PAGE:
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Charming her even to tears. The spoiler set
So fixed and holy from that marble brow,-
TO THE MEMORY OF A FRIEND AND REL
" Blessed are the pure in heart, for they shall see God.”
We miss thy voice while early flowers are blowing,
And the first flush of blossom clothes each bough, And the spring sunshine round our home is glowing,
Soft as thy smile-thou wouldst be with us now! With us ! —we wrong thee by the earthly thought
Could our fond gaze but follow where thou art, Well might the glories of this world seem naught
To the one promise given the pure in heart. Yet wert thou blest e'en here-oh! ever blest
In thine own sunny thoughts and tranquil faith; The silent joy that still o'erflowed thy breast,
Needed but guarding from all change, by death, So is it sealed to peace!—on thy clear brow
Never was care one fleeting shade to cast, And thy calm days in brightness were to flow,
A holy stream, untroubled to the last ! Farewell! thy life hath left surviving love
A wealth of records and sweet' feelings given,' From sorrow's heart the faintness to remove,
By whispers breathing less of earth than heaven.'
Thus rests thy spirit still on those with whom
Thy step the path of joyous duty trod, Bidding them make an altar of thy tomb,
Where chastened thought may offer praise to God!
“While day arises, that sweet hour of prime.”
How many thousands are awakening now!
And some, far out on the deep mid-sea,
So are we roused on this chequer'd earth,
THE GRAVE OF A POETESS.*
“Ne me plaignez pas si vous saviez combien de peines
ce tombeau m'a epargnees!”
I stood beside thy lonely grave;
Spring odors breathed around,
Pass'd with a lulling sound.
In the brighi air glanced by,
Through the soft azure sky.
That fringed the ruins near;
Their sweetness couldst not hear. * " Extrinsic interest has lately attached to the fine scenery of Woodstock, near Kilkenny, on account of its having been the last residence of the author of Psyche. Her grave is one of many in the church-yard of the village. The river runs smoothly by. The ruins of an ancient abbey, that have been partially converted into a church, reverently throw their mantle of tender shade over it. It is the very spot for the grave of a poetess."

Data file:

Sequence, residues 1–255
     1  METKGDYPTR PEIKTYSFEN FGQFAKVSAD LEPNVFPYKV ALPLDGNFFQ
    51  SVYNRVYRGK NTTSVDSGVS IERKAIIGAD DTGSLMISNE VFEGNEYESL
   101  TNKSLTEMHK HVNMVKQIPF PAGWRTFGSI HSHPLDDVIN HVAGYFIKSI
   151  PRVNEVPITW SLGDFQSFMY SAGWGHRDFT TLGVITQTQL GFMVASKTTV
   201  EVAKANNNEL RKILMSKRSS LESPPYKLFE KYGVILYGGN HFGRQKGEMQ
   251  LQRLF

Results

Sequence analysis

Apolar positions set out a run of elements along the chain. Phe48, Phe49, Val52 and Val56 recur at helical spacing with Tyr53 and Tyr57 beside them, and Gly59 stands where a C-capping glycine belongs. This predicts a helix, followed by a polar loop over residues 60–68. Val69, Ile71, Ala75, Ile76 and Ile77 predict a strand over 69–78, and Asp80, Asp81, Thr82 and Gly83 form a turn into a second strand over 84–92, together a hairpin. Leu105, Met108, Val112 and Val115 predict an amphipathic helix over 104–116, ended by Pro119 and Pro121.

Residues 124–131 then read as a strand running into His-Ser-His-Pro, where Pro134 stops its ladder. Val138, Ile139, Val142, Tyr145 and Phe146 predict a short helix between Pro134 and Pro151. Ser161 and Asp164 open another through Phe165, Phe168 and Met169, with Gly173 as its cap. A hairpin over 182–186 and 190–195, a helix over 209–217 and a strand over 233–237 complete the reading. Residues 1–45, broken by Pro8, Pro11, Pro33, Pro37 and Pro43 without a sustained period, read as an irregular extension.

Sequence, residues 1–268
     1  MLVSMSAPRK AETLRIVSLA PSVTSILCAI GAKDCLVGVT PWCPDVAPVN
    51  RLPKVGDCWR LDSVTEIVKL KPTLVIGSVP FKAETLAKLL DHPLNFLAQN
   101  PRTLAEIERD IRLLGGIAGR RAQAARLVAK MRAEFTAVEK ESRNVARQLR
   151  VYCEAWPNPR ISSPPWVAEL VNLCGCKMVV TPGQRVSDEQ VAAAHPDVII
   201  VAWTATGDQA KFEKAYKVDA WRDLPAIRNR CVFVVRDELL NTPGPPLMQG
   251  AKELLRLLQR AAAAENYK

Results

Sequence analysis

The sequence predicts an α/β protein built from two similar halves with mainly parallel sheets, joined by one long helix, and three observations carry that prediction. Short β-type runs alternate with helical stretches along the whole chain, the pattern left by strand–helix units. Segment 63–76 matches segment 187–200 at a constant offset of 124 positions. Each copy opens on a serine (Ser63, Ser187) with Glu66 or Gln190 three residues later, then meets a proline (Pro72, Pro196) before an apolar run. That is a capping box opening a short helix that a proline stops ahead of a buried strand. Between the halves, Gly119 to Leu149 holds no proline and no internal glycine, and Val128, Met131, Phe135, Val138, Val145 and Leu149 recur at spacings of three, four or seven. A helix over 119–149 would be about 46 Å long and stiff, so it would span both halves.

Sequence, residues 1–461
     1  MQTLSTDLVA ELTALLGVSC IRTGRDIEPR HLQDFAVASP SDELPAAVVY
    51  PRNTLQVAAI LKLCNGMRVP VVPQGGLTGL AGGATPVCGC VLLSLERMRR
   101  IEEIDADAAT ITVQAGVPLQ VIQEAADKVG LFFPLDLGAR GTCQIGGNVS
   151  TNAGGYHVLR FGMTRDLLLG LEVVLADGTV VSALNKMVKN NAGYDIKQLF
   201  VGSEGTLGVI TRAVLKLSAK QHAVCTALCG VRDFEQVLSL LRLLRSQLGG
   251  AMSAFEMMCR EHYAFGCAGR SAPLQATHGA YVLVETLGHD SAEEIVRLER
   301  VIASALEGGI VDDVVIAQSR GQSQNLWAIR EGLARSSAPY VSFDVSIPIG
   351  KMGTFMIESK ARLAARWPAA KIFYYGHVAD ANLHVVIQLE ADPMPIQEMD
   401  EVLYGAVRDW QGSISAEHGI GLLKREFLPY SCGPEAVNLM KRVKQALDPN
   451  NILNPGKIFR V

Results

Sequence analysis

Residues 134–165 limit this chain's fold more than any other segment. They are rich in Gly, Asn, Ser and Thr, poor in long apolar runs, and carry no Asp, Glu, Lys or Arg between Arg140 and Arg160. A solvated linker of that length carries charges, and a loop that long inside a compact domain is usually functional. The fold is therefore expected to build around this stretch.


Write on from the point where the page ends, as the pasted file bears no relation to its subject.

Tules by the O'Huru Family.
And mournful grew my heart for thee,
Thou in whose. woman's mind
The light of song was shrined. Mournful, that thou wert slumbering low,
With a dread curtain drawn Between thee and the golden glow
Of this world's vernal dawn!
Parted from all the song and bloom
Thou wouldst bave loved so well,
Was but a broken spell.
la their bright reckless play,
And thou wert passed away! -But then, ev'n then, a nobler thought
O’er my vain sadness came; Th’immortal spirit woke and wrought
Withiu my thrilling frame. Surely on lovelier things, I said,
Thou must have looked ere now,
Odors and hues below!
Yet beautiful is Earth!
No haunting dream hath birida? Here a vain love to passing flowers
Thou gav'st-but where thou art, The sway is not with changeful hours,
There love and death must part !
A voice not loud, but deep;
How often didst thou weep!
Where couldst thou fix on niortal ground
Thy tender thoughts and bigh?
THE HOMES OF ENGLAND.
The stately Homes of England,
How beautiful they stand!
O'er all that pleasant land!
Through shade and sunny gleam;
Of some rejoicing stream.
Around their hearths by night,
Meet in the ruddy light!
Or childhood's tale is told;
Some glorious page of old. The blessed Homes of England !
How sostly on their bowers Is laid the holy quietness.
That breathes from Sabbath hours! Solemin, yet sweet, the church-bell's chime
Floats through their woods at morn; All other sounds, in that still time,
of breeze and leaf are born.